The Science of Worst Case Scenarios
Over the past week, I have seen a number of alarmists online — some of them accredited scientific experts with big degrees and fancy job titles — comparing the current coronavirus pandemic to the “Spanish Flu” outbreak of 1918. One such scientific expert is Dr. Bryan Lewis, a professor at the Biocomplexity Institute at the University of Virginia, who has stated publicly (though not very scientifically) that this coronavirus “is potentially a very significant event, the Hurricane Sandy of epidemics.”
Dr. Lewis adds that “When current estimates for COVID-19 are compared to the 1918 pandemic, they are eerily similar.”
Before going into the details about just how “eerily similar” the two outbreaks are, let me just set the table for you by providing an analogy:
When we look at apples and oranges, we quickly see that they are eerily similar. Both are fruit, both more or less round, both edible, and both come in a number of varieties. Of course, you might point out, by contrast, that the differences between them are so marked that apples and oranges have in fact become the universal paradigm of unlike things, as in, “That’s like comparing apples and oranges.” But if we just blithely overlooked all those differences that make apples and oranges so paradigmatically distinct from one another, and, furthermore, directed our claim exclusively at people who have never seen or tasted apples and oranges, we could just go ahead and stick to our assertion that the two are “eerily similar.”
Now, back to our comparison of the two eerily similar viral outbreaks in question. The first thing that jumped out at me, when I started noticing these “Spanish Flu” references popping up ominously within the online discussion of coronavirus, was this date: 1918. That is to say, World War I. And the first thing that occurred to me when I thought of WWI in this connection was millions of soldiers trapped together in confined quarters, or stranded together in large, poorly-ventilated military hospital facilities, or traveling together in very large numbers across oceans.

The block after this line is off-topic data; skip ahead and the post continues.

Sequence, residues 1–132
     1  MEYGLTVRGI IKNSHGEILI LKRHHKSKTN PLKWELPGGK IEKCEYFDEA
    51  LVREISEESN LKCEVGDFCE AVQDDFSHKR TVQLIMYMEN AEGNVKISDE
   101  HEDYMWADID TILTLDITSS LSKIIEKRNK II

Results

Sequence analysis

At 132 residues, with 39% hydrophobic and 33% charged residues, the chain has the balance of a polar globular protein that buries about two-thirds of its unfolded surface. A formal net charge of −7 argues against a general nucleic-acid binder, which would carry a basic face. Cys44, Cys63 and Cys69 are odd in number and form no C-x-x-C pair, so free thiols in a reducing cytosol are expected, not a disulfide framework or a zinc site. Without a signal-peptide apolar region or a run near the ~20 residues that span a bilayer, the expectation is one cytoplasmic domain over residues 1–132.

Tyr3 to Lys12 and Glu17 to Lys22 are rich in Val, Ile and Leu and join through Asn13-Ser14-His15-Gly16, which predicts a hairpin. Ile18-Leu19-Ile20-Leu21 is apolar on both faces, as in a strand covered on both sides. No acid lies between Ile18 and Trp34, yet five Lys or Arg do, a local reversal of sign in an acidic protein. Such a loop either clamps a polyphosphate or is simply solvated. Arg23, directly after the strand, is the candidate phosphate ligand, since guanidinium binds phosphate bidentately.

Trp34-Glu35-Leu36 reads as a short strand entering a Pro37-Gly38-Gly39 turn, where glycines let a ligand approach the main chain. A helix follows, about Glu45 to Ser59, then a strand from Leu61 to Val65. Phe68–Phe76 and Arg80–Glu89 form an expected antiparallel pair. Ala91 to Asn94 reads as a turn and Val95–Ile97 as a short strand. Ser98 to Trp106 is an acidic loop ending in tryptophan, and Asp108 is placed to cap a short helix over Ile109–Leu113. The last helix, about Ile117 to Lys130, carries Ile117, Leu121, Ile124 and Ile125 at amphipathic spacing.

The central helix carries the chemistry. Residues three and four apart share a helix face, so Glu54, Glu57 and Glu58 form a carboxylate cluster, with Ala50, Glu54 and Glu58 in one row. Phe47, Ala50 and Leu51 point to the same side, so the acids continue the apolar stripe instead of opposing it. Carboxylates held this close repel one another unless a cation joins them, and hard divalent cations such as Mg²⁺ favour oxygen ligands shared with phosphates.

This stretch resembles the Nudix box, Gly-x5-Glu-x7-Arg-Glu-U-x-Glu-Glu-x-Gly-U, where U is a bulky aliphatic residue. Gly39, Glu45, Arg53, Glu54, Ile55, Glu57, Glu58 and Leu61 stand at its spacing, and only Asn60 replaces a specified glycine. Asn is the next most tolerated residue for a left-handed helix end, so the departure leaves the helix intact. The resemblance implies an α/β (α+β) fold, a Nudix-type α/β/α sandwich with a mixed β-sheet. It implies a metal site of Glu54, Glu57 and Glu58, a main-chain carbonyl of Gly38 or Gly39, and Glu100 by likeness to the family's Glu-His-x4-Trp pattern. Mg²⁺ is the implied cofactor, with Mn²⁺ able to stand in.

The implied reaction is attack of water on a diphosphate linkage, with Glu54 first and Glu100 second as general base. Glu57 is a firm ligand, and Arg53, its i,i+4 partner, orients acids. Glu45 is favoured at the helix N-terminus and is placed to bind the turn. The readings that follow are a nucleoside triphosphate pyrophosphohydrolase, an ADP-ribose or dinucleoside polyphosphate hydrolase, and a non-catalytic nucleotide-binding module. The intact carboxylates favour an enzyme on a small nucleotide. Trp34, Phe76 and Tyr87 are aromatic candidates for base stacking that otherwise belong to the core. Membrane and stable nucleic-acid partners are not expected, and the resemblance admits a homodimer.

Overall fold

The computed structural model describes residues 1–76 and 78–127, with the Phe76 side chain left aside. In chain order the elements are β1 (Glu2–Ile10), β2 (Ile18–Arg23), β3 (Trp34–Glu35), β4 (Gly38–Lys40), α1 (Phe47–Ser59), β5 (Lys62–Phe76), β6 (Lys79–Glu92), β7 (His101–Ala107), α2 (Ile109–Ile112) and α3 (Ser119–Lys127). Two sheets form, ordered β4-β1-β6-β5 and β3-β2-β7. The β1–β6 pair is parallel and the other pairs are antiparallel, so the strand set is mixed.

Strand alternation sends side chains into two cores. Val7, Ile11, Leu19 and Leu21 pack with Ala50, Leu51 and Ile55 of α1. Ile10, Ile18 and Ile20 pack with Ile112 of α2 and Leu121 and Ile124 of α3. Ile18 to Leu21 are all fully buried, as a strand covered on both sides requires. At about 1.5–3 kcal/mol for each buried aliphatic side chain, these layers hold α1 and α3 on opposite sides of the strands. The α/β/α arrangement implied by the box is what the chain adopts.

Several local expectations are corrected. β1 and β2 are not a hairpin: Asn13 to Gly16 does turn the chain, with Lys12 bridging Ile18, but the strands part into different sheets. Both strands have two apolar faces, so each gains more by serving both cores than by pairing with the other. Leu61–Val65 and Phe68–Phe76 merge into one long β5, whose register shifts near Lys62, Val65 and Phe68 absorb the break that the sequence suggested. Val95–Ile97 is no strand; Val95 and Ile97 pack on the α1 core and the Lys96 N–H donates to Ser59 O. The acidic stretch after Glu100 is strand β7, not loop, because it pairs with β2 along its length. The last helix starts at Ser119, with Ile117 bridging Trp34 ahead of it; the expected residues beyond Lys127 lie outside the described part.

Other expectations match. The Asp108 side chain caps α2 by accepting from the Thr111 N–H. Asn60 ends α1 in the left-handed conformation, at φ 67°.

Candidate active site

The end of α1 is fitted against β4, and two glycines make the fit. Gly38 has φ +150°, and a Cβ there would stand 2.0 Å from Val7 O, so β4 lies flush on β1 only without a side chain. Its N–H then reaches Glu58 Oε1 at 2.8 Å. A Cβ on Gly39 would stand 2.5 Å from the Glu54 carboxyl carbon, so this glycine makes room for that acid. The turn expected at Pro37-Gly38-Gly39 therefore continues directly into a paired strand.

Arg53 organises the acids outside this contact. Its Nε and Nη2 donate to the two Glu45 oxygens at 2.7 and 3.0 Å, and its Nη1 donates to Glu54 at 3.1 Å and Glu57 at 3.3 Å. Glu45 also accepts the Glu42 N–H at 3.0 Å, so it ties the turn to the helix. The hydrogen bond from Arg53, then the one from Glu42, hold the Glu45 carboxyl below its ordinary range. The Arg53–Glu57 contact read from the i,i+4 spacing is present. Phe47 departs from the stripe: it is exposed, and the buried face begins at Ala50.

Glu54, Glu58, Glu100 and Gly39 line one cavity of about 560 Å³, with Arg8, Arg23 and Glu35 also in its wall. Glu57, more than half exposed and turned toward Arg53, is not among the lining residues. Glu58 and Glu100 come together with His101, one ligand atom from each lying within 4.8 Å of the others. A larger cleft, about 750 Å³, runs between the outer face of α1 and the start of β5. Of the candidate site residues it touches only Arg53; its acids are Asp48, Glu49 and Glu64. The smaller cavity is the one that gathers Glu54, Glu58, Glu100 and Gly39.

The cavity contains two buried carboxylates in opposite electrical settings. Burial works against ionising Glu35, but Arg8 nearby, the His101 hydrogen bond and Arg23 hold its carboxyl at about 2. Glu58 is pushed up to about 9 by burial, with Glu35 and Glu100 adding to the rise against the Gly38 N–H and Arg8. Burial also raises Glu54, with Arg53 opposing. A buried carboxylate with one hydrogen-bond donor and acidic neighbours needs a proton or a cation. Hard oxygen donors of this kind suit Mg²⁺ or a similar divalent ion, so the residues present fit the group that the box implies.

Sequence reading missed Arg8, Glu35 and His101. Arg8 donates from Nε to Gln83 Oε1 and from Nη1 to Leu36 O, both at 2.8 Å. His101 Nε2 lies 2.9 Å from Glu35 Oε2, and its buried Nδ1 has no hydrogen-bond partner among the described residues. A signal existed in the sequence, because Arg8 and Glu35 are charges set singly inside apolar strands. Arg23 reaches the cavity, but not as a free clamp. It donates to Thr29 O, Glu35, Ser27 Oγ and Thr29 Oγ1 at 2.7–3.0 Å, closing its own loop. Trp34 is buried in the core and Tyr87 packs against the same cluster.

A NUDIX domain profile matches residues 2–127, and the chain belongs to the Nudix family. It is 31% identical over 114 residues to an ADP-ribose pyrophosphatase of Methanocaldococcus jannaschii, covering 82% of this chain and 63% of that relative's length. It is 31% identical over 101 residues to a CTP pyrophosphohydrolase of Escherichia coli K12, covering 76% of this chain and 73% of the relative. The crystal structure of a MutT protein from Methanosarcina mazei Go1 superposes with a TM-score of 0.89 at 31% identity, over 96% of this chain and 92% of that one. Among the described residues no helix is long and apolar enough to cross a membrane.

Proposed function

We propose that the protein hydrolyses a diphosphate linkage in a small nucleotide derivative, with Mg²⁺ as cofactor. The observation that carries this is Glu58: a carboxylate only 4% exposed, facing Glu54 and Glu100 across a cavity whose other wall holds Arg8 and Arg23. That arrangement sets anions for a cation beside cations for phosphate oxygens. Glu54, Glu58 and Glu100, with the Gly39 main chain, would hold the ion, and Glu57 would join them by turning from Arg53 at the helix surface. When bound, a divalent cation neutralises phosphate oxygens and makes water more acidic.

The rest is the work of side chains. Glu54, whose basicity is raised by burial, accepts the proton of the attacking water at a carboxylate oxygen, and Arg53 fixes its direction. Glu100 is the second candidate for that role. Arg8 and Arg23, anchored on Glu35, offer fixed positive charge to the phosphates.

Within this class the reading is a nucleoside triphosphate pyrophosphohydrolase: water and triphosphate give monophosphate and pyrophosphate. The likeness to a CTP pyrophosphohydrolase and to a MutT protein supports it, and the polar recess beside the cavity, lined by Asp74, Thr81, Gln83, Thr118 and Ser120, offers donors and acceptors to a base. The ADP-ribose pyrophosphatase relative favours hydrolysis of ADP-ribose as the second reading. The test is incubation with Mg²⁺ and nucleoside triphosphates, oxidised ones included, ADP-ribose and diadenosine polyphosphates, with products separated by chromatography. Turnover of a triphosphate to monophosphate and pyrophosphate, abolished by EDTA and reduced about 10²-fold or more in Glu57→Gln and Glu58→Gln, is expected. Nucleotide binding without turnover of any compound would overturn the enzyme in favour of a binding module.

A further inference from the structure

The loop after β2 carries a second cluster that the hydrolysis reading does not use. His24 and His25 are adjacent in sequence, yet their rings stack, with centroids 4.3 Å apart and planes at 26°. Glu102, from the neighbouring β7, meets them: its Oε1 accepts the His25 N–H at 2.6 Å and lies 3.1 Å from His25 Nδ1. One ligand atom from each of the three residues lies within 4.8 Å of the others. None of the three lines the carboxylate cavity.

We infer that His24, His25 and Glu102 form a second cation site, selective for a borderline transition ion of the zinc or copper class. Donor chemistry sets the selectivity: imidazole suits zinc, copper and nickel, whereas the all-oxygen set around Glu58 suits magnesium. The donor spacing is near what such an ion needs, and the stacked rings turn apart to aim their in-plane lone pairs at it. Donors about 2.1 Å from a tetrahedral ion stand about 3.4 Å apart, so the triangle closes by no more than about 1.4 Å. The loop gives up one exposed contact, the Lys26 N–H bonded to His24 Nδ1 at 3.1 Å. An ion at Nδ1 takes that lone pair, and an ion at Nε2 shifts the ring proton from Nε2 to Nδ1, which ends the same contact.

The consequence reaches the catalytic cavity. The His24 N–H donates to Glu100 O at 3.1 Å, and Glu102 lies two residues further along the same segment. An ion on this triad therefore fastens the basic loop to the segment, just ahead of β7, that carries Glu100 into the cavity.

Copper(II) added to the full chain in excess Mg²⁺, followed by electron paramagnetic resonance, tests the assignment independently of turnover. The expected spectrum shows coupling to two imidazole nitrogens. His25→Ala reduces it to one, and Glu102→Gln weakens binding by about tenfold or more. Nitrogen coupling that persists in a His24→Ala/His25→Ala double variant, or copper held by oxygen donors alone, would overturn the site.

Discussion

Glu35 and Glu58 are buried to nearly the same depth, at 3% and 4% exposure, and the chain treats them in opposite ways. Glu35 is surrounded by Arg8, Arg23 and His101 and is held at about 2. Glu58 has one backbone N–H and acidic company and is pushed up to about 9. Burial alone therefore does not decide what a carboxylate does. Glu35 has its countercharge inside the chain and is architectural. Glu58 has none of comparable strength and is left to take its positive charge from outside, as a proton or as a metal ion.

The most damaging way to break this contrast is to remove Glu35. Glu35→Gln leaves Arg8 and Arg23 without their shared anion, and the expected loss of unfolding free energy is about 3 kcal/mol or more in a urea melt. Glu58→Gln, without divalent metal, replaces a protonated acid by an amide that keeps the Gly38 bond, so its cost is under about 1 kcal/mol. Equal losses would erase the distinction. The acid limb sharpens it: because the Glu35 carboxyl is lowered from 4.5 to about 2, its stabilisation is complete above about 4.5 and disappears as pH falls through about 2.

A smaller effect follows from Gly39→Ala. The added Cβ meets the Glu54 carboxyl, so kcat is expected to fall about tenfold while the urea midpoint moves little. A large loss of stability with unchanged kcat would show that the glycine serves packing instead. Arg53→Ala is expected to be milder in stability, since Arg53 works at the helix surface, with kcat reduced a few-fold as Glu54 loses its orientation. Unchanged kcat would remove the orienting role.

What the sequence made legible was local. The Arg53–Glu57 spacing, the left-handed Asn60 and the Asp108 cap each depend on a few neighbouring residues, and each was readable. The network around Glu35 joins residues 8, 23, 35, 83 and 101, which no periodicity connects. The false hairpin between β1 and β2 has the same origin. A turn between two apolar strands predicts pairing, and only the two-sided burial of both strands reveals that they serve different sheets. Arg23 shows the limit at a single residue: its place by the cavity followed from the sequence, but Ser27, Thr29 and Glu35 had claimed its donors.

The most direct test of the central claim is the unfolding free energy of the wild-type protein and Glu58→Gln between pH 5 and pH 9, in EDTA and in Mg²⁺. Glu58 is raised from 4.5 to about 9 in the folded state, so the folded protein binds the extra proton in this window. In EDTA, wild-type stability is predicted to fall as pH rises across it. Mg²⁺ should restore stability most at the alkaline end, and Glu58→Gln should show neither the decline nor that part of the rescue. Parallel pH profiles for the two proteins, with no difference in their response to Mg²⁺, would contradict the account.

So I did a little reading, at a few online sources, about the 1918 flu pandemic. (See a helpful overview here.) And the most striking thing I learned, within moments of beginning my research, was that the 1918 flu, completely anomalous for a flu outbreak, claimed a large proportion of its victims among young men. This, of course, is exactly the opposite of COVID-19, which is afflicting populations in the manner of a normal seasonal flu outbreak, which is to say that the vast majority of those dying or becoming severely ill are the very old and those with serious preexisting medical conditions.
One reason the 1918 pandemic was so devastating to the world’s young adult population is, not surprisingly, that so many of the early victims were soldiers and military personnel who infected one another quickly during the first and second waves of the outbreak.
In normal flu outbreaks, those hit with the worst strains of the virus, and therefore most seriously ill, tend to be quickly separated from the general population due to death or self-isolation (staying home due to illness). As a result, the weaker or less harmful strains of the virus tend to quickly become the dominant strains due to natural selection. In 1918, on the other hand, otherwise healthy men were contracting the worst strains of the virus (in particular the “second wave”) and then — rather than staying home or otherwise separating themselves from the community — spreading this most virulent illness widely among other healthy young men, who in turn spread it all over the world through large-scale troop movements, on train trips to military hospitals, or among civilian populations upon returning home.